Winter

The cold wind cuts like a scythe
through the folds.
Alone at the tram stop I brace.
My coat pulled tight around my chest
I turn my head to the side
as though the blade slices in just one direction.
It doesn’t.

My ribs are cold,
my feet are cold.
My nose is wet and my ears numb.
It’s not the cold of ice and snow.
It’s damp and drippy cold,
the cold without reward:
no white Christmas,
no toboggans and twinkly lights.
It’s the cold of a Melbourne July.
June was long and
August snickers around the corner.
Damn, it’s cold.

But it’s warm too —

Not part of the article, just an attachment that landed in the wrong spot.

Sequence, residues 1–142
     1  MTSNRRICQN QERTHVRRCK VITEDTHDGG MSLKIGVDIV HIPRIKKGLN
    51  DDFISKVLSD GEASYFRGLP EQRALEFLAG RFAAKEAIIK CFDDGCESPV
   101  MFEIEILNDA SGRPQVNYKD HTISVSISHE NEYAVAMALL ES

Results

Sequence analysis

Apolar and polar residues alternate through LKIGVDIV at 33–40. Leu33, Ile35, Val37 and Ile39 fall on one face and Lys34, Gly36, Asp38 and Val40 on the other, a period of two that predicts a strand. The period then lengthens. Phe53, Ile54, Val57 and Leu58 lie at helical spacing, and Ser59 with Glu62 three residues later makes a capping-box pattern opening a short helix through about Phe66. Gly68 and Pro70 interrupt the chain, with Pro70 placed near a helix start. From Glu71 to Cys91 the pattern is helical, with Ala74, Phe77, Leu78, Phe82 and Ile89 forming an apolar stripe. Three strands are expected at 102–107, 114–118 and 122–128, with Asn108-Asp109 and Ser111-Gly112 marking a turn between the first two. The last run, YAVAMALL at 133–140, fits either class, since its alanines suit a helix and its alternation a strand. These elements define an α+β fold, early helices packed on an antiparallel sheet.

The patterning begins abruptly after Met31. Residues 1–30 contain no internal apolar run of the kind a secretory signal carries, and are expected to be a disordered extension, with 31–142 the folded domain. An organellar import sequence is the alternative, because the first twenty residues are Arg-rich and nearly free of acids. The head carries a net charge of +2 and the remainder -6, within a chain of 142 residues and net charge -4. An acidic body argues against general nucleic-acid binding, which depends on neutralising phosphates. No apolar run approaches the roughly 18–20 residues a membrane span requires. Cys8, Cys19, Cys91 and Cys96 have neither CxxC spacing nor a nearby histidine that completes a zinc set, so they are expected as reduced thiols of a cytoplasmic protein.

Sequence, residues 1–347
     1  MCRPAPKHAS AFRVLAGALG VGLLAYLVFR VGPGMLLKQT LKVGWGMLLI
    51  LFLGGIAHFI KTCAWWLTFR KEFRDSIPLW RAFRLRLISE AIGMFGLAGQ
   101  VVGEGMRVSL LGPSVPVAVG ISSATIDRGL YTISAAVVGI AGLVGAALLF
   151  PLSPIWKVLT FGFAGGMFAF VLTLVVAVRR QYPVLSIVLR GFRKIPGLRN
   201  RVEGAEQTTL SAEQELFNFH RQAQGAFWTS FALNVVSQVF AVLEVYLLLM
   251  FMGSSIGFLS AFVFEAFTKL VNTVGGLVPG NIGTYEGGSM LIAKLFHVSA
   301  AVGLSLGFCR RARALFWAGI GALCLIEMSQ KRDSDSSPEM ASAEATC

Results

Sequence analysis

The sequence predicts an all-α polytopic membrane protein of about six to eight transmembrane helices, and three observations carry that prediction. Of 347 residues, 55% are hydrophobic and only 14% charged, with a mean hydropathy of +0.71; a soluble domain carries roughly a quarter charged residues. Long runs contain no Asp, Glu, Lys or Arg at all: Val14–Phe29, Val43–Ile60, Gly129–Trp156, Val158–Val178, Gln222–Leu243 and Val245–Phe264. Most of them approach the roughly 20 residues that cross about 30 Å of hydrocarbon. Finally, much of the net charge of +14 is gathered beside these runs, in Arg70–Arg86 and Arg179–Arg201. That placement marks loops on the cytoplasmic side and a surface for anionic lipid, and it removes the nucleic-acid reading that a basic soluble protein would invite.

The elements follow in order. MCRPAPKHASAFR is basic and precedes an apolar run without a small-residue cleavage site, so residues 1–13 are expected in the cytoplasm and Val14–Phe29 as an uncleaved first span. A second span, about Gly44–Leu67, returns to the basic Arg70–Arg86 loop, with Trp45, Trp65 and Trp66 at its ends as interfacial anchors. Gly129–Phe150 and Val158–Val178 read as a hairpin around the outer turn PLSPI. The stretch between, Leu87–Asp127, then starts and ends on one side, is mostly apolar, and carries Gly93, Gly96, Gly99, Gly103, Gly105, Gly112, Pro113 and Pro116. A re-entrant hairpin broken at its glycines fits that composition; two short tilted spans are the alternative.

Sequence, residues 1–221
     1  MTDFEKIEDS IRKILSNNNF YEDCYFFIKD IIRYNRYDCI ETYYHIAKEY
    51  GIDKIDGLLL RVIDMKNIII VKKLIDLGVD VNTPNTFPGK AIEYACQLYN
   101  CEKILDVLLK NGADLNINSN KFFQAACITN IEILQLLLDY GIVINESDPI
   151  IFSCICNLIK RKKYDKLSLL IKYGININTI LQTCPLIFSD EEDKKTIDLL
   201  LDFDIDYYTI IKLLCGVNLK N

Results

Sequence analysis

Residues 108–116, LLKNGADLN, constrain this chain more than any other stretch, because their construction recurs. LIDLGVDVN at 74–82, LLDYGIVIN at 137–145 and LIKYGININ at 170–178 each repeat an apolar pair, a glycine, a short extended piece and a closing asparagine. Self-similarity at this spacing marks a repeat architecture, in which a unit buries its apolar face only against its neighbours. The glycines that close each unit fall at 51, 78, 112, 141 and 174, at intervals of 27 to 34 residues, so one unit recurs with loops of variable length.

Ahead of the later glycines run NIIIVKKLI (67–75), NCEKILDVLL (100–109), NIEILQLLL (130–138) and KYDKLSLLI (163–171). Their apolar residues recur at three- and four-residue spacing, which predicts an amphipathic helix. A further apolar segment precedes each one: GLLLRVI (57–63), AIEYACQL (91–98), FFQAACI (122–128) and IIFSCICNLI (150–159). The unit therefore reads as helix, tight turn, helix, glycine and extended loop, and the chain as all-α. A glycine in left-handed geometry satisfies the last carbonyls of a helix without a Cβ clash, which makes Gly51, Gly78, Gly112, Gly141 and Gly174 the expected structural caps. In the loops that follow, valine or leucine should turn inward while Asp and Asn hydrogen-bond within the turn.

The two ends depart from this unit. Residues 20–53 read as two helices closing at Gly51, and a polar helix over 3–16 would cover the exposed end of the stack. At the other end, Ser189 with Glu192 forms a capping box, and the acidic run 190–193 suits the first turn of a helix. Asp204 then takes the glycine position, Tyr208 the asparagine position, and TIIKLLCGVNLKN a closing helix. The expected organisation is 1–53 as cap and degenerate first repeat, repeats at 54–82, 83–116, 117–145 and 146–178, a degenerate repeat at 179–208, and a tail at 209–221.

a warm that only winter tells.
It’s the warm of home once I arrive;
discarded coat and scarf and shoes.
It’s the enveloping warm as the door shuts behind.
Home is embraces, throws and quilts.
It’s fires burning and big pots of soup that simmer.
It’s stews that stew with the saucepan lid slightly ajar.
It’s red bean chilis with cornbread,
and warm winter puddings
with custard and cream.
And cheese.
And bread.
And earthy red wines.

The cold is still there,
just beyond the doorframe.
It laps at the porch steps
like an encroaching tide.
But now I eye its menace
through the window and smile.
Cocooned inside,
I am reassured.
I have no cause to venture out again.
Not tonight, because it’s cold.

[image from Melbourne Street Photography]

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